30

Jan

Study Shows Fitbit Could Detect Flu

FitBit

In the future, your Fitbit may know you have the flu before you do.

Wearable technology could even tip off your doctor to oncoming infections or whether you were at risk of developing a chronic illness, and could help you prevent it before it took hold.

The predictions come from a two-year Stanford University study but they’re also backed by the arrival of the first app to use Fitbit devices to guess whether you’re coming down with something.

Unsurprisingly, the wearable technology company plans to embrace the trend.

The Stanford University study tasked 43 people with wearing a heart monitor to gather vital information such as heart rate, oxygen level, and skin temperature.

Author and University genetics chairman Dr. Michael Snyder says the study sought to test whether smartwatches and wearable technology with biosensors could be used to predict ailments as well as counting steps.

“We want to tell when people are healthy and also catch illnesses at their earliest stages,” he said.

And the study backed up their predictions. One participant was found to be ill even though he was “clinically asymptomatic,” and another, the study’s author, discovered he had Lyme disease shortly after its onset despite the lack of a telltale rash.

“I had elevated heart rate and decreased oxygen at the start of my vacation and knew something was not quite right,” said Dr. Snyder.

Subsequent blood tests confirmed the diagnosis.

The study also identified participants with signs of insulin resistance, which could precede diabetes.

But wearable technology is already starting to play a role in healthcare. A new app developed for use with Fitbit devices promised to track vital signs and predict when the wearer was getting falling ill.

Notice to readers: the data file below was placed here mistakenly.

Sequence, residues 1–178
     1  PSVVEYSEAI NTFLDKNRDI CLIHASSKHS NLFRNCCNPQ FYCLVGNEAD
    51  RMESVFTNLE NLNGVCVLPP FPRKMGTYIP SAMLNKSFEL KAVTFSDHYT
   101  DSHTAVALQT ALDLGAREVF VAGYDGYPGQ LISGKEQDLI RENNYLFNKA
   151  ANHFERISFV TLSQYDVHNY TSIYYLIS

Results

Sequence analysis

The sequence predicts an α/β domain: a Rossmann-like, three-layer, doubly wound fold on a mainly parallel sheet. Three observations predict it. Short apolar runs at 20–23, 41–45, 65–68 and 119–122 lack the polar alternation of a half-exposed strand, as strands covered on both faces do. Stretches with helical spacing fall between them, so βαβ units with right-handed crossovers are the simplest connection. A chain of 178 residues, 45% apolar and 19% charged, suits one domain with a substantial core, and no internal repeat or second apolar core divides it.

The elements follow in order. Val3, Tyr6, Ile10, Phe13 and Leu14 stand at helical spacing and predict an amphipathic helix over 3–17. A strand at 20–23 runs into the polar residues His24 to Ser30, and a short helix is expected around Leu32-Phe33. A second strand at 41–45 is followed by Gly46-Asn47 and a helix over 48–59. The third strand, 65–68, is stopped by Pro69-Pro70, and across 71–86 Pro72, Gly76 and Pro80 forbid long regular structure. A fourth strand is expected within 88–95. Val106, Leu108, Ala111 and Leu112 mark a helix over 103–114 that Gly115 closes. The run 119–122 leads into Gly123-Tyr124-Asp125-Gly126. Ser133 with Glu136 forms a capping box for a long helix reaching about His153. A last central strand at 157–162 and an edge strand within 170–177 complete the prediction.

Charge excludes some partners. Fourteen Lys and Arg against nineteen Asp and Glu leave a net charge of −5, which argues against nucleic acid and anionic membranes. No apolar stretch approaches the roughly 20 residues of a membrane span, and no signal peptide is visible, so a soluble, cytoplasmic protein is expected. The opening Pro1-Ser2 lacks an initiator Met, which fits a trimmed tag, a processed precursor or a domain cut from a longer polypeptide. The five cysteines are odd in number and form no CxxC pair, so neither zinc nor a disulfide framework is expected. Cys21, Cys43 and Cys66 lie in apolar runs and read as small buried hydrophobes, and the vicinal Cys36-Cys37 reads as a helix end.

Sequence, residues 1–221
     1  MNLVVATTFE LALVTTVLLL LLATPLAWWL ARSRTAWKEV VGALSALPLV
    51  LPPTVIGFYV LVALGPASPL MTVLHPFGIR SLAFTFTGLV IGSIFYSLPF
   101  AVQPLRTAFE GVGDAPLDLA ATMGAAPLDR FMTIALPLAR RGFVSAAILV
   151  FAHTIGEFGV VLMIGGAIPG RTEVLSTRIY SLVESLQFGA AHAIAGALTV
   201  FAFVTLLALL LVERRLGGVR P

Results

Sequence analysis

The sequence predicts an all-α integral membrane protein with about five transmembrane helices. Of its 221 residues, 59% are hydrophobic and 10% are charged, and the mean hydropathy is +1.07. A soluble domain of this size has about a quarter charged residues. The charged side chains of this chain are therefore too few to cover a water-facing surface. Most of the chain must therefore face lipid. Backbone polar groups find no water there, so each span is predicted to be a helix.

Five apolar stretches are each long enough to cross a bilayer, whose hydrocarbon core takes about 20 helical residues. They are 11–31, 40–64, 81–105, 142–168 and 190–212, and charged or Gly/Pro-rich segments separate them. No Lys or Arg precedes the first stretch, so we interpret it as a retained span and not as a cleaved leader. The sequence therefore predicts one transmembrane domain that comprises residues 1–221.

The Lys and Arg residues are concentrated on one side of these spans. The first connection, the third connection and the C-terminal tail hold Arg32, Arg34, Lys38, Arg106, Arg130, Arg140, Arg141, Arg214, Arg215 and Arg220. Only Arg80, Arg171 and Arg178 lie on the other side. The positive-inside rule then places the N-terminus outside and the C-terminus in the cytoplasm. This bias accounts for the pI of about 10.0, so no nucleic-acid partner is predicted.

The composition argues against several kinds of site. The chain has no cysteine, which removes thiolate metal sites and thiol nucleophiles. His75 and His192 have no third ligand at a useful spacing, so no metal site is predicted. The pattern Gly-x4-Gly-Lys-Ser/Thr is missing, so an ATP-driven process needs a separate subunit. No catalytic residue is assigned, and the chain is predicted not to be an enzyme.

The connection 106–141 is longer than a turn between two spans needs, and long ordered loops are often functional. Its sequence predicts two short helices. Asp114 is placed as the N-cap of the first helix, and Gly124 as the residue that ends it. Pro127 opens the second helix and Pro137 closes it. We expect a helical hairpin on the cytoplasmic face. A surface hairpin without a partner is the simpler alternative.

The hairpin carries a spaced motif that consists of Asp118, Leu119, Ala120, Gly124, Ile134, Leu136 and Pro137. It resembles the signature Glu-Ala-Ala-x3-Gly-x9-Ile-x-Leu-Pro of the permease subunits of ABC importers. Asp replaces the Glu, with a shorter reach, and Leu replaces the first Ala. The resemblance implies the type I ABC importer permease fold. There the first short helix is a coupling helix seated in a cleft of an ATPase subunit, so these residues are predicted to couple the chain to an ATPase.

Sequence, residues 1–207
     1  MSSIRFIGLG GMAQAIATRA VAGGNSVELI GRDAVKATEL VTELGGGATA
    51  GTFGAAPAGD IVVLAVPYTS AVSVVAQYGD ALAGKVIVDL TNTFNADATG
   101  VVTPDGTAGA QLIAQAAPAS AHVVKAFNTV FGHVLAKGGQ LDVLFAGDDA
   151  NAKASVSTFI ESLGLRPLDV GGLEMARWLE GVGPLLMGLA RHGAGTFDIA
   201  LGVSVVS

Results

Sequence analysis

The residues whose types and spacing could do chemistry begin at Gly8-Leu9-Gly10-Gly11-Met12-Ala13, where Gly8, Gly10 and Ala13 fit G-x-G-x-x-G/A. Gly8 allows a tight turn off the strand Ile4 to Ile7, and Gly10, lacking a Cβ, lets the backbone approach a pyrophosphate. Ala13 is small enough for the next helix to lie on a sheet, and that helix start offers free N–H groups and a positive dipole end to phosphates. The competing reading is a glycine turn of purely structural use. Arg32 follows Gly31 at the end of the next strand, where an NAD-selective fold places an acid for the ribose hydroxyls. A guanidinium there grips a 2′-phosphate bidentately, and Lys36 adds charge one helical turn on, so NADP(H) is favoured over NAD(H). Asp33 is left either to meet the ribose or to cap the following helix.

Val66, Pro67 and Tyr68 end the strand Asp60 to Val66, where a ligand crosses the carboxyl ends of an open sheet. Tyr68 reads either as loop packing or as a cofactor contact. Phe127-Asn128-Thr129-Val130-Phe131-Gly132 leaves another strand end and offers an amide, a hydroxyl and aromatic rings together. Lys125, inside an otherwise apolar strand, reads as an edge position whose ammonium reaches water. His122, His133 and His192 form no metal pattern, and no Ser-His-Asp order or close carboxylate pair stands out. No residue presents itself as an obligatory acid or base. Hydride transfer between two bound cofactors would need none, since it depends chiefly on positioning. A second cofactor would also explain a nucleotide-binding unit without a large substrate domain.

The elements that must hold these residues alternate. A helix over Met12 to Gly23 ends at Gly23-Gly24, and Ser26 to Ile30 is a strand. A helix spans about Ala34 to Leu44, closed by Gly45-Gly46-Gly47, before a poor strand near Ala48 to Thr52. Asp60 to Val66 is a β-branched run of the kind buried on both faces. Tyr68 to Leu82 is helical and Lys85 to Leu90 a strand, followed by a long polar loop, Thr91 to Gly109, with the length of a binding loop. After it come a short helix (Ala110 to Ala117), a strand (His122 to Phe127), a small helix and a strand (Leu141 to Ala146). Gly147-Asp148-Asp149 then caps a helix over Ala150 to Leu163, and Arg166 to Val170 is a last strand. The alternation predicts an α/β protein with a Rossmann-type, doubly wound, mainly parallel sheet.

Datapult founder Tony Peticca said the company developed the Achu app to use “the data that we are actively feeding into our health trackers and wearables daily” to predict whether the user is getting sick or is just tired.

The app uses Fitbit data, like heart rate and sleep log information, and asks users to log whether they have symptoms, like a headache or fever, to recognise health patterns.

The app then delivers users with a “health risk” score and, over time, should get better at predicting whether illnesses.

Fitbit chief business officer Woody Scal said he was yet to use Achu specifically but letting patients share wearable device data with their doctors could lead to “very serious innovation in healthcare”.

“This data you get from a wearable device can create more insights about your health and fitness,” he said.

But Scal said the devices could still have a bigger role to play in preventing chronic illnesses from taking hold as many could be prevented or improved with diet, exercise, and more sleep.

“The future is not just measuring things but really about something like a Fitbit giving you guidance to make changes and teach you to make healthier decisions,” he said.